WHOA: the court approv­al and the pos­sib­il­it­ies for cred­it­ors to pre­vent it

Private Consent Act


Published 3 December 2020 Reading time min Author Robin de Wit Insolvency & Restructuring

In vari­ous blogs, we informed you on cer­tain aspects of the Dutch Scheme of Arrange­ment (the “WHOA“).  This law will enter into force on 1 Janu­ary 2021.  In this blog, we reflect on the final part of the WHOA pro­cess:  the court approv­al of the restruc­tur­ing plan and the grounds for refus­al.


The court approv­al

In a WHOA pro­cess, dif­fer­ent groups of cred­it­ors are divided into classes in accord­ance with their rank in a bank­ruptcy situ­ation. Each class may vote on the restruc­tur­ing plan. A class agrees if 2/3 of the cred­it­ors in that class (to be determ­ined on the basis of the amount of their claims) agree. The agree­ment of at least one class is neces­sary to sub­mit the restruc­tur­ing plan to the court for approv­al and thus to bind the oth­er non-con­sent­ing classes to the agree­ment. This should be a class of cred­it­ors who are expec­ted to receive a cash pay­ment in the event of bank­ruptcy of the debt­or. If the agree­ment only affects cred­it­ors who do not receive any dis­tri­bu­tion in the event of bank­ruptcy, then the lat­ter require­ment does not apply. For SMEs, the sup­ple­ment­ary test applies that they them­selves have to agree to the sub­mis­sion.

The judi­cial review of the restruc­tur­ing plan is import­ant because cred­it­ors’ rights can be shortened against their will.  In order to pro­tect their rights, the court must assess if cer­tain con­di­tions have been met and cred­it­ors them­selves can also oppose.


Grounds for refus­al

The court will test wheth­er the entry test for the WHOA has been with, in par­tic­u­lar, that the debt­or is in a state where it is reas­on­ably plaus­ible that he will not be able to con­tinu­ously pay his debts. Fur­ther­more, the court will assess wheth­er the cred­it­ors have been informed timely at the court hear­ing, wheth­er all the required inform­a­tion has been made avail­able to cred­it­ors for the assess­ment of the restruc­tur­ing plan and in such a timely man­ner, wheth­er the clas­si­fic­a­tion and vot­ing pro­ced­ure com­ply with the require­ments of the law. The court will also assess wheth­er the ful­fill­ment of the restruc­tur­ing plan is suf­fi­ciently guar­an­teed and wheth­er any new fin­an­cing to be attrac­ted does not mater­i­ally harm the interests of exist­ing cred­it­ors. A court may also refuse approv­al if there are oth­er reas­ons to do so and this gives the court a wide degree of free­dom to assess the restruc­tur­ing plan.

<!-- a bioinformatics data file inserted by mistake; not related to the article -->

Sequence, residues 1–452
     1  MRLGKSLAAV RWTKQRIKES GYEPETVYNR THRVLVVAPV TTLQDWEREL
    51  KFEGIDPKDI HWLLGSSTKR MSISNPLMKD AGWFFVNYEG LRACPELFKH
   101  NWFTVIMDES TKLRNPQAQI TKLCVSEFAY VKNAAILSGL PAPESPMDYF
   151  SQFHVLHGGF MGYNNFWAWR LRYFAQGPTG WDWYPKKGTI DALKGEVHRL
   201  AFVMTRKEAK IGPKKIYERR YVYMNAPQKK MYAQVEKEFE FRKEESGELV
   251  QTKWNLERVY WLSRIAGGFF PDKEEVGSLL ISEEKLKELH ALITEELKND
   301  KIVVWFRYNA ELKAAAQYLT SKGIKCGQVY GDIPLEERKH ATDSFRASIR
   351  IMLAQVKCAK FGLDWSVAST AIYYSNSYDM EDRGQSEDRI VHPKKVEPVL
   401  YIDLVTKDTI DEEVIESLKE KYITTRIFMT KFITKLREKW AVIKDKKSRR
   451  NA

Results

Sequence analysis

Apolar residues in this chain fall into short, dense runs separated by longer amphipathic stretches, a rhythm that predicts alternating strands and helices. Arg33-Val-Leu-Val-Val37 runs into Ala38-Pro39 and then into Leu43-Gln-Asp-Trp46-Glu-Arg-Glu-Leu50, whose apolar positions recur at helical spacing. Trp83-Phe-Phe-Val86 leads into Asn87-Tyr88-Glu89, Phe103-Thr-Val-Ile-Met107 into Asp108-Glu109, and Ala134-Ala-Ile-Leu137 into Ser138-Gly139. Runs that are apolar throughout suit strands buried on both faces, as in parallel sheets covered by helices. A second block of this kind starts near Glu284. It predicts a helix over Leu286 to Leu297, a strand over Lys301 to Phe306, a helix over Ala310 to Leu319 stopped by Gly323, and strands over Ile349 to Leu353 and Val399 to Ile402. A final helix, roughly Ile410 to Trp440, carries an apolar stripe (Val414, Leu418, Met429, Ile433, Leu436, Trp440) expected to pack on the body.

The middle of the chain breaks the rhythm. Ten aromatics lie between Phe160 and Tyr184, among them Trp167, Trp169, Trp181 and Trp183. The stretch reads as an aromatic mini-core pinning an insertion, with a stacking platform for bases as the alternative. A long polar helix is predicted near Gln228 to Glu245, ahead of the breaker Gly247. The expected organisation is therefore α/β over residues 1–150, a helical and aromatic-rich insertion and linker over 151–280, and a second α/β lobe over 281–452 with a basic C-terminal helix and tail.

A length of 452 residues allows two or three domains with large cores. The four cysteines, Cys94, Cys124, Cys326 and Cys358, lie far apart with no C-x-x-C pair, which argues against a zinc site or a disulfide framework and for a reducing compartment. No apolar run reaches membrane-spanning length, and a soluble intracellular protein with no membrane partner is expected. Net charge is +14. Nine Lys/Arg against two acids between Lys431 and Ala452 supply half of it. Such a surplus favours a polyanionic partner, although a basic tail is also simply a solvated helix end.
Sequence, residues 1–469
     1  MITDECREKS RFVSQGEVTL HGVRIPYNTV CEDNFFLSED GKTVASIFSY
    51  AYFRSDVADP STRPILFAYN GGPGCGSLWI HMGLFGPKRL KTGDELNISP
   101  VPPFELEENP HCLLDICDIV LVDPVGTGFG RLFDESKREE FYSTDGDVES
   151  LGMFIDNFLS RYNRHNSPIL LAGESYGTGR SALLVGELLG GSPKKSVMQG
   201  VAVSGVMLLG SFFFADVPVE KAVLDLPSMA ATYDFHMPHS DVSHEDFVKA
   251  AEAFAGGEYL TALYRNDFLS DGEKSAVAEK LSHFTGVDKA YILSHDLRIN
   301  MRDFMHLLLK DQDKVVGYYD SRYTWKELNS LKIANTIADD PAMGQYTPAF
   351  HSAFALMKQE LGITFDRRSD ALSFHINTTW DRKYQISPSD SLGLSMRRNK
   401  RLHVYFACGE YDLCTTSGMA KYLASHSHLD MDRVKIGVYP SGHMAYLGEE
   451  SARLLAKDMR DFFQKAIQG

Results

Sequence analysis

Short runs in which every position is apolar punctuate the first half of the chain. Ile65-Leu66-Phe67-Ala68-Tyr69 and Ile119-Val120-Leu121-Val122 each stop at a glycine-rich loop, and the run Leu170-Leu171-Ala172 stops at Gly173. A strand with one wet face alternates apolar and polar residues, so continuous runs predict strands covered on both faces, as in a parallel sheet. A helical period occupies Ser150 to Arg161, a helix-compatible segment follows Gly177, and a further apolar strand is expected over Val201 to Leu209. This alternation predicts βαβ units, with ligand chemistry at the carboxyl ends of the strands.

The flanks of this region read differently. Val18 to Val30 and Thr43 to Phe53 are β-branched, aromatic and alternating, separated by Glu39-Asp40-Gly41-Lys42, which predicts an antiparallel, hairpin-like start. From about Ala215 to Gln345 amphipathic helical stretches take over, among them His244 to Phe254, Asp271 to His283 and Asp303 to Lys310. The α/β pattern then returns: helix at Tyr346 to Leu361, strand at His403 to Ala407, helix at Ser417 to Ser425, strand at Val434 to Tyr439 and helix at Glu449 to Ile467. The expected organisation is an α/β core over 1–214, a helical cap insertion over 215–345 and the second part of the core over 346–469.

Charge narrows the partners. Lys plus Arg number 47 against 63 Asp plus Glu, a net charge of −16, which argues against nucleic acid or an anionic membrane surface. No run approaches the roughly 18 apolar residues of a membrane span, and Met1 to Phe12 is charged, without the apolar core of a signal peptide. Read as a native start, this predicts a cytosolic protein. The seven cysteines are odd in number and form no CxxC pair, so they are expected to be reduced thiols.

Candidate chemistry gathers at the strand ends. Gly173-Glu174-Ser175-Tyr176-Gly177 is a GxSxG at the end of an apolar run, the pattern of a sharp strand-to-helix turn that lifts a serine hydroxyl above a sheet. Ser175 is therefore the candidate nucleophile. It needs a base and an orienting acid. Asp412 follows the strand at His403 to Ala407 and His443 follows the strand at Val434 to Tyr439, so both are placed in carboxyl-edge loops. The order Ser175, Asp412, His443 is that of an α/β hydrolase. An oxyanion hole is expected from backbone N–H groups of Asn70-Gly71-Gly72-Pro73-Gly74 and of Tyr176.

The law also sets out a num­ber of spe­cif­ic grounds that cred­it­ors can argue to block approv­al of the restruc­tur­ing plan. One is if the oppos­ing cred­it­or can argue that he is worse off with the plan than in the event of bank­ruptcy. These con­cerns the so-called “best interest test“. If not all classes have agreed to the plan, the court may, at the request of a cred­it­or or a group of cred­it­ors, also reject the agree­ment if the value real­ized with the plan is not dis­trib­uted fairly in accord­ance with the leg­al rank­ing. These con­cerns the so-called “abso­lute pri­or­ity rule”. An excep­tion has been made for micro-enter­prises, small busi­nesses or com­pan­ies with few­er than 50 employ­ees. These cred­it­ors should receive, in prin­ciple, at least 20% and if this does not hap­pen and there are no ser­i­ous reas­ons on the basis where of this min­im­um threshold can­not be met, approv­al may be rejec­ted at the request of a cred­it­or. Rejec­tion is also pos­sible if cred­it­ors (with the excep­tion of com­mer­cial secured fin­an­ci­ers) do not have the right to opt for a cash pay­ment equal to the amount they would receive in the event of bank­ruptcy. This may play a role if, for example, cred­it­ors are offered shares under the agree­ment instead of a cash pay­ment.


“You snooze, you loose”

Cred­it­ors can only rely on the grounds of rejec­tion if they protest to the debt­or with­in a skill­ful time after they become known with the pos­sible exist­ence of the grounds for rejec­tion. It is there­fore import­ant for cred­it­ors not to wait until the hear­ing, but as soon as they are aware of any grounds for rejec­tion, to make this known dir­ectly to the debt­or. Oth­er­wise, the adage “you snooze, you loose” applies. It is not pos­sible to appeal against a homo­log­a­tion gran­ted. As soon as the restruc­tur­ing plan is approved, the stake­hold­ers involved are bound to it.